To come full circle, a couple of weeks ago Mr Mind the Baby was away for work over a weekend and it was just myself and Pip together. We had a really great weekend. There was nothing particularly special about it but it just felt like a lovely old time. Monday rolled around, and he was like a sticking plaster come creche drop off. Ah hello mammy guilt, I wondered where you’d been hiding.

I love this woman, she speaks much sense. Read her book! Image courtesy of www.pantley.com
I love this woman, she speaks much sense. Read her book!
Image courtesy of www.pantley.com

I think there is no win to this feeling of guilt for me. There is no “right” solution, just different decisions. I can’t guarantee that if I was at home full time with the full concentration of a toddler down on top of me that I wouldn’t be resentful, no matter how much I think some days I’d love to be a stay at home mother. I do know without a doubt that I’d need a “something” just for myself, for a couple of hours at least everyday.

I think I’ll probably struggle with the greener grass of motherhood on some level for the rest of my life.

Am I alone?


An open letter to Senator Mary White about her shared maternity leave bill

Dear Senator White

I’ve sat on writing this letter for a week since I first read about your “Parental Leave Bill 2013” because I needed to chew it over.

Well, that’s not necessarily true.

As soon as I read this article on Journal.ie, I immediately tweeted

An open letter to Senator Mary White about her maternity leave bill www.mindthebaby.ie Mind The Baby Blog

But then I thought I’d let it sit with me and evaluate its merits, after all I am 100% supportive of paid paternity leave for the benefit of families and Irish society as a whole.

Here’s the thing though. Your press release managed to successfully talk me out of supporting your bill.

This is what did it for me:

“The greatest challenge facing the country is to create employment to offer hope and a potential living to the 300,000 unemployed and the young people in our schools and colleges. The only way we can create jobs is to encourage new enterprise”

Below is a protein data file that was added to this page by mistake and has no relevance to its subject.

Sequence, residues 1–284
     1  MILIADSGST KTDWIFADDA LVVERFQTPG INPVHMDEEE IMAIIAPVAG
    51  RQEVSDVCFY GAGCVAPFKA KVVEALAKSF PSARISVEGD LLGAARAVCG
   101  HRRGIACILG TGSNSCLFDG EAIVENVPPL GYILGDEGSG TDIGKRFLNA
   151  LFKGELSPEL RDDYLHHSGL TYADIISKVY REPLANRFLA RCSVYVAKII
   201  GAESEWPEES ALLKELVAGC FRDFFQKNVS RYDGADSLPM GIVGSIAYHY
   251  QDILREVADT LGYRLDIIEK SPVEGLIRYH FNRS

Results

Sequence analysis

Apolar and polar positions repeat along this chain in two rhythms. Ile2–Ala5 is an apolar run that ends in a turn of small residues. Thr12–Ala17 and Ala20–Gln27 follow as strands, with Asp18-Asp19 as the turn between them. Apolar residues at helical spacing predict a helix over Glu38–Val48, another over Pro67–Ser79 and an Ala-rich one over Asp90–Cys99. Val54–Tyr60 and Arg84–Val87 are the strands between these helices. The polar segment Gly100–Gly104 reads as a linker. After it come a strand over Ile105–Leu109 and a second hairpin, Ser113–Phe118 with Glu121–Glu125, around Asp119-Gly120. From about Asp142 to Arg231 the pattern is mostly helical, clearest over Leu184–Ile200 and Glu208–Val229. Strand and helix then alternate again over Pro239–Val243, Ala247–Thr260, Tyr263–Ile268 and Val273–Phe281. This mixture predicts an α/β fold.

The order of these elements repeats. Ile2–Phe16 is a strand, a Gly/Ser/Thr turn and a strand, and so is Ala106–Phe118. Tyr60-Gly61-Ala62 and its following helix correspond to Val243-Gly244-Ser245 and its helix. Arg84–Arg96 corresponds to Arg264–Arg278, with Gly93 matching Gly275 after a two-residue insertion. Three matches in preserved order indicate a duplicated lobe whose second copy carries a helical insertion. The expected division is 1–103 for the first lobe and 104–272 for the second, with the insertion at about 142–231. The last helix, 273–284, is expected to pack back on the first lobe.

followed swiftly by:

“The biggest untapped source of enterprise is 50% of the population which are Irish Women who face multiple barriers in becoming entrepreneurs and developing business”

and then this corker, which to be honest, really pushed me over the edge:

“This flexibility in the maternal leave scheme would allow women entrepreneurs to devote more time to their enterprises.”

Are we noticing a theme here, Senator White? Jobs, enterprise, business, entrepreneurship. I thought we were talking about maternity leave – the time a mother takes out of the workforce to give birth to and nurture her tiny newborn. But reading your comments, I actually realise we’re talking about “the economy“.

Can we get real about your bill here for a minute please? Becoming a mother – be it for the first or tenth time – is a physically, emotionally, intellectually, spiritually challenging time. It is exhausting and all-consuming. Most new mothers may find that it takes months – not weeks – to adapt to their new role and I’m fairly willing to bet that unless they’re a participant in The Apprentice, getting all entrepreneurial and starting a business is probably the last thing on their mind. There’s two exceptions to this – 1. the woman who already runs her own business and you can be well sure she’s not taking 26 weeks maternity leave in the first place and 2. the woman who realises that, for her, life isn’t all about working for someone else Monday to Friday, 9-5 (or 6 or 7) once her baby comes along and she looks for a new working solution that will keep her at home with her family. The latter lady most likely only swings into action with this when the end of her maternity leave is fast approaching and the idea of having to go back into the workforce is a frightening and unappealing prospect.